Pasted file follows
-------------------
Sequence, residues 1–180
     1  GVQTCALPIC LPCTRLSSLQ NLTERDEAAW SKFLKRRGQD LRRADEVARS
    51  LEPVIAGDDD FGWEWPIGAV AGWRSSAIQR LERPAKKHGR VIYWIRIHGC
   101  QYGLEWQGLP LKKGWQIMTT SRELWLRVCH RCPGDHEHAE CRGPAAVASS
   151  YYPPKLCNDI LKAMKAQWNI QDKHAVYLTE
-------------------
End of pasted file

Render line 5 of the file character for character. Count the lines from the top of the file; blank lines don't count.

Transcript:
   151  YYPPKLCNDI LKAMKAQWNI QDKHAVYLTE